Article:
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The Lieutenant's Lost and Found Family

Written by Christy Jeffries

Chapter Nine

When Nolan pulled into the driveway the following afternoon, the dog leaped off the front porch and ran toward him. Either the guy had bacon lining his pockets or the animal just really loved him. Abby fought the urge to massage the tension out of her temples.

“I brought some of his favorite toys,” Nolan said, lifting a backpack out from his rental car as Harper tentatively followed the dog. “Want to see a trick?”

“I guess,” Harper said as she lifted on her tiptoes to sneak a peek at what was in the backpack.

Nolan pulled out a tattered stuffed animal that might’ve been a pig at one point. “This is Sergeant Oink,” he said, and the dog immediately lifted both his front paws. “Sergeant Oink used to play a song when you pushed his snout, but Thor chewed the mechanism out. He’ll still do the dance, though.”

When Nolan raised the formerly pink and formerly plush toy over his head, the dog let out a bark and made a couple of circles on his hind legs. Sergeant Oink then went flying in the air and Thor jumped up to catch his dance partner in his mouth before lowering himself into a one-legged bow.

Harper clapped her hands. “Let me try!”

After the dancing trick came the Frisbee trick where Nolan said, “Close your eyes, Thor,” and the dog plopped his head down on the ground and put his paws over his face. Nolan then walked around the side of the house, returning a few moments later without the plastic disc.

“Where’d it go?” Harper asked.

Nolan put a finger to his lips and winked. “Okay, boy, go find the Frisbee.”

The dog barked and ran to the side of the house, out of sight.

“Maybe we should go help him look,” she suggested, but Nolan just smiled and shook his head.

Then Abby heard the splash of water and the blood rushed from her face.

“It’s not even spring yet. Please tell me that you didn’t just send him into the freezing-cold water.”

Crap. Nolan began tearing at the buttons of his flannel shirt as they raced toward the lake. He’d been so eager to prove the dog belonged to him, he hadn’t stopped to consider that the water temperature near a mountain ski resort was going to be quite a bit cooler than the beaches along the North Carolina shore.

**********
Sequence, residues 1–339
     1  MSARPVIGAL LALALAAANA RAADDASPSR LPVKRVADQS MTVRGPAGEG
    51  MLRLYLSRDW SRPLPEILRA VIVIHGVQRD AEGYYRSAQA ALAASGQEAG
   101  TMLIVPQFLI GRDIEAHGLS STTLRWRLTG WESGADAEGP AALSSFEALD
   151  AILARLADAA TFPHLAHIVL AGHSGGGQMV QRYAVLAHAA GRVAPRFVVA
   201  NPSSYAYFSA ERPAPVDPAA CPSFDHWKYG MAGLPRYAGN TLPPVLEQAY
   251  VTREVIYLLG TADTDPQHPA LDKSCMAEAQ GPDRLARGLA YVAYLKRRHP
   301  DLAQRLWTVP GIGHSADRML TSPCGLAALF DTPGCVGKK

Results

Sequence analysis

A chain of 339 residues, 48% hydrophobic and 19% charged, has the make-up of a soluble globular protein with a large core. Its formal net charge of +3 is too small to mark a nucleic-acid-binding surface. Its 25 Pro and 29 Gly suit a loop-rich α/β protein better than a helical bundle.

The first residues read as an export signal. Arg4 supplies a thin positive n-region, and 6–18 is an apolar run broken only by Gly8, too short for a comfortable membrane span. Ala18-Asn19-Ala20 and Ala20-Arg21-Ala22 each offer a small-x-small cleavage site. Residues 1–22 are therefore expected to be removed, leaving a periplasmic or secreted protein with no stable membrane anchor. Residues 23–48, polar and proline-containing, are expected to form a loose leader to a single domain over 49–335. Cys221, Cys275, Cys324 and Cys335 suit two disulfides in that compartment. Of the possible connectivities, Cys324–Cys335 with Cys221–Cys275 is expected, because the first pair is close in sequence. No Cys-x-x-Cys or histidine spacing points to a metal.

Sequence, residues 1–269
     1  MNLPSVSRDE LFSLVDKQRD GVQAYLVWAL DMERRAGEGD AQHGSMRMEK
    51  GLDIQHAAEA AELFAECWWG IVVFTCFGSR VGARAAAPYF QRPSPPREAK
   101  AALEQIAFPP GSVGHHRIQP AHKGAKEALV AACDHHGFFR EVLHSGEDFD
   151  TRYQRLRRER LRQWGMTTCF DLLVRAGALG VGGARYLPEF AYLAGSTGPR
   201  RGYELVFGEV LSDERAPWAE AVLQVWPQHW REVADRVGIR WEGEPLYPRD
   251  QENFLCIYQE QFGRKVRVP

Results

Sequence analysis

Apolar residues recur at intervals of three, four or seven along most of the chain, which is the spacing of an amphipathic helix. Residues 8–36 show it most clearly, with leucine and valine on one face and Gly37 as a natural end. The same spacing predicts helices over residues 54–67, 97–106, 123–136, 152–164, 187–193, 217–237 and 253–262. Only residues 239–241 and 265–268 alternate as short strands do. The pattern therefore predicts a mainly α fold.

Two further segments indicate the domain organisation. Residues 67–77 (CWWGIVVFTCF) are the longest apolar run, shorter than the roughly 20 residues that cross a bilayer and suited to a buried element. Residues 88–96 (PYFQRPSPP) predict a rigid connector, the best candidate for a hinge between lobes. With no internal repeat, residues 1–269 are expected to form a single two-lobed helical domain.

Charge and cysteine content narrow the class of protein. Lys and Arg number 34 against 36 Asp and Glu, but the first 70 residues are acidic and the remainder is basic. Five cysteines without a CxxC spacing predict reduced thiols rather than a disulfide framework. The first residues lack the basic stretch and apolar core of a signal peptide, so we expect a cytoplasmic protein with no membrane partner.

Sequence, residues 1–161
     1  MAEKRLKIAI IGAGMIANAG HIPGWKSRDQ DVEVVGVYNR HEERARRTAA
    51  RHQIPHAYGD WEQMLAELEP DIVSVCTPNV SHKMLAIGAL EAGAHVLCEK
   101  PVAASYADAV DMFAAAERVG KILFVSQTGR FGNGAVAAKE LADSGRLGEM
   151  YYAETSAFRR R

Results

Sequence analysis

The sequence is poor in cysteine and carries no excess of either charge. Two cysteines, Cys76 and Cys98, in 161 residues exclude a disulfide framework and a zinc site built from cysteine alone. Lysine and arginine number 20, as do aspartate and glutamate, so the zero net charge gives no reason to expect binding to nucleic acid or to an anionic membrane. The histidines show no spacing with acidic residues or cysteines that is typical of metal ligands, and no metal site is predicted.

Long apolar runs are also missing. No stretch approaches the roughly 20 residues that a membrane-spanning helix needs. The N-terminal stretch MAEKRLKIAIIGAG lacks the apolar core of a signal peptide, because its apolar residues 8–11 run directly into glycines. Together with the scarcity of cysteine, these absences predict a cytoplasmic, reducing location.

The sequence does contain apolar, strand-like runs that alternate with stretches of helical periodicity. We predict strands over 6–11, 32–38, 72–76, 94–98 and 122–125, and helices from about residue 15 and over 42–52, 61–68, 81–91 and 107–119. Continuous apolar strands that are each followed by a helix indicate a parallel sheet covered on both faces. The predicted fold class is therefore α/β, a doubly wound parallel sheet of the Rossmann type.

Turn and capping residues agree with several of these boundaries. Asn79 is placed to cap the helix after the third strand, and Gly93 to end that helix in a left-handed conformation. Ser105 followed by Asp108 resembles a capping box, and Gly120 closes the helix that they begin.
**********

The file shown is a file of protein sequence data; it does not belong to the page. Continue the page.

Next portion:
Would he have to jump in and rescue his mighty pup?

But when they reached the water’s edge, Thor was already emerging from the lake, the bright green Frisbee clutched in his mouth.

“Oh, thank God,” Abby said as she wrapped her arms around her waist, her chest rising and falling with each breath.

Thor dropped the disc at his feet and Nolan ripped his gaze away from the front of Abby’s sweater.

“Good boy,” he told the dog, who replied with a forceful shake, sending water flying off his fur. The icy water landed on Nolan’s bare torso, reminding him that he was standing there with his shirt halfway off.

A shudder raced down Nolan’s spine, but not because of the cold. It was because Abby was now looking at his chest the same way he’d been looking at her a few moments ago. His shoulders pushed back involuntarily and her pink tongue darted out and traced her upper lip.

“Hey, I didn’t know my dog could swim,” Harper said, thrashing noisily through the pine needles along the bank as she made her way down to them. “Can he do it again?”

Nolan quickly managed to get the edges of his shirt together, then cleared his throat. “He could do it all day long if the water was warmer.”

“Yeah,” Abby said, her voice sounding a bit huskier than it had a few moments ago. “It’s way too cold for him right now.”

“But I didn’t get to see.” Harper’s tiny hand latched onto Nolan’s forearm as she lost her balance in her red costume boots. Yesterday, the girl had strategically stationed herself behind either Abby or Thor when anyone came near. The fact that she was now making eye contact with Nolan and standing so close wasn’t lost on him. She shoved her crooked WW monogrammed headband back in place and turned her big green eyes on him. “Please, Mr. Nolan. Just one more time?”

A minuscule rip tugged at a corner of his heart and that was when he knew he was in trouble.

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Christy Jeffries

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